For the past decade, one of the most popular television franchises has been CSI, where the tools of forensic science are used to solve crime. The BIMS program was created to provide students with the knowledge and skills needed to join their TV counterparts to help bring criminals to justice.
But forensic science is MUCH more than DNA fingerprinting and other biotech and immunological methods. Sometimes, the key evidence is provided by six-legged pests. This semester, upper level students in Dr. Tierney Brosius’ Entomology class and two capstone students are joining scientists from universities across the country in a project being directed by the University of Nebraska to study chemical attractants that draw flies to decaying flesh and to see what species are most commonly attracted by which chemical.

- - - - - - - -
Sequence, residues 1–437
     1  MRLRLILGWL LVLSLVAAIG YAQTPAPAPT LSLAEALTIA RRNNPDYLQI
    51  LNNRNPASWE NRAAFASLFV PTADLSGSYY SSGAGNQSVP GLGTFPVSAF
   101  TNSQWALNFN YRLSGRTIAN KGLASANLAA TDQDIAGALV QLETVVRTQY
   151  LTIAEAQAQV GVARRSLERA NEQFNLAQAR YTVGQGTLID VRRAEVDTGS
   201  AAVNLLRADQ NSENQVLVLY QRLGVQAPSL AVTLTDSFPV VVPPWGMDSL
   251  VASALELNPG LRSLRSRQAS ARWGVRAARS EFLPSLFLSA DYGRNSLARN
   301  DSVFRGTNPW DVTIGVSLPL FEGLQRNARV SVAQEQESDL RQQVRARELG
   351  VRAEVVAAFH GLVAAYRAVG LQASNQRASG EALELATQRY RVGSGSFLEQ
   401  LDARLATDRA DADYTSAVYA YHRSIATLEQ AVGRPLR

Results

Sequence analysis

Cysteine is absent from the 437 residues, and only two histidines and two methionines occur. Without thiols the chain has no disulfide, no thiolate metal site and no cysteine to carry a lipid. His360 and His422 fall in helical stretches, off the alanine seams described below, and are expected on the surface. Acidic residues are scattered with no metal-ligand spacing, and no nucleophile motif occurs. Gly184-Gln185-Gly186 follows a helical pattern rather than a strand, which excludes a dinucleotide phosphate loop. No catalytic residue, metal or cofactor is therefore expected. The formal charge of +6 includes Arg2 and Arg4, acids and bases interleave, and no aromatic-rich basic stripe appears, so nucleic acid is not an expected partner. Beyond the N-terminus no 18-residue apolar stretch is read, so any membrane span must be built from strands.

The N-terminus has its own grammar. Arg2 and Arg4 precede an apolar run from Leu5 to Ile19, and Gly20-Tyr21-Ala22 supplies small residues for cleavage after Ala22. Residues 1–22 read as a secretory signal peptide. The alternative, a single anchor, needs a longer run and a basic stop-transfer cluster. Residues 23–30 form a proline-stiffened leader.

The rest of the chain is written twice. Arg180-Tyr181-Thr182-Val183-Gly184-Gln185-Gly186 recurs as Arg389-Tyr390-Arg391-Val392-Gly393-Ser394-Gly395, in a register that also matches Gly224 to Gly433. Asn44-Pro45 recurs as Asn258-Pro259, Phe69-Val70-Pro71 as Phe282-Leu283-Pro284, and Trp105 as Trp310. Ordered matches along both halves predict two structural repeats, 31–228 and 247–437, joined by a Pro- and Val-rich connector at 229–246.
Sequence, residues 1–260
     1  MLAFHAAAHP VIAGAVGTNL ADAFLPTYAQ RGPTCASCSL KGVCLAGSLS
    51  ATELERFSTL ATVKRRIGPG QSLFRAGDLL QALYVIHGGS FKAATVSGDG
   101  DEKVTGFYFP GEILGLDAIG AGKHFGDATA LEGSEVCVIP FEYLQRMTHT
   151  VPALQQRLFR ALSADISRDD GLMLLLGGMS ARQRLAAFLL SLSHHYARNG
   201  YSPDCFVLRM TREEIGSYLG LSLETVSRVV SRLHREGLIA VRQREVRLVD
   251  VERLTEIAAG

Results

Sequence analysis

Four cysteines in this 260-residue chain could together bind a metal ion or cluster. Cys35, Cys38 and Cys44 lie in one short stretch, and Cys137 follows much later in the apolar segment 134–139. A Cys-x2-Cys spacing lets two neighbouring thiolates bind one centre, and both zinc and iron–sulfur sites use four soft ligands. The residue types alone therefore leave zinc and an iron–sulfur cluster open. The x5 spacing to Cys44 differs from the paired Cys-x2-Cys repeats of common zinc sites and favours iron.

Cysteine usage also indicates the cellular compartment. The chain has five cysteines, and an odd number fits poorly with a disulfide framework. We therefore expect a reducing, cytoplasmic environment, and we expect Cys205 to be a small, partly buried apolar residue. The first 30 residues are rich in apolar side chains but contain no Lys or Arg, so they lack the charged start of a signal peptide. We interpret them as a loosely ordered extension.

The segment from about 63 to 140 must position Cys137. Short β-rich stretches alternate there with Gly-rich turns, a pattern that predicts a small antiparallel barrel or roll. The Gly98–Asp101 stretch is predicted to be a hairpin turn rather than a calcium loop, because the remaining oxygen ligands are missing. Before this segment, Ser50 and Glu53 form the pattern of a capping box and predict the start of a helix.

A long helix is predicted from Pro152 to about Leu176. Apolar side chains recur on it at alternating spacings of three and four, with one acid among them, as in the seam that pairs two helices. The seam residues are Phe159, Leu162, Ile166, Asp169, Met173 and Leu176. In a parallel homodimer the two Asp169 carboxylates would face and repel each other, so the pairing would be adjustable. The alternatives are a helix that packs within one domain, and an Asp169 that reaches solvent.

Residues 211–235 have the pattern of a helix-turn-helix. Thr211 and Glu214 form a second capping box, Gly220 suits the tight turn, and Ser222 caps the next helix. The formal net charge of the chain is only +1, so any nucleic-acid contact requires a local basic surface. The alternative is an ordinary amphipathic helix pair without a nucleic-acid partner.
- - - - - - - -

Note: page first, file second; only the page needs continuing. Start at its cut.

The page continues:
To do their work, students will create bait traps containing suspect chemicals and scatter them around campus. Then, over the course of many days the flies attracted will be counted and identified to search for patterns and answers. Results will be added to those from students from other schools to see whether there are regional differences in effective chemicals and in species attracted.
More than anything, such studies provide students with valuable experience participating in the industry of science. But another benefit is the realization that the glamour and simplicity of television science and technology come about through long, hard work done by dedicated researchers.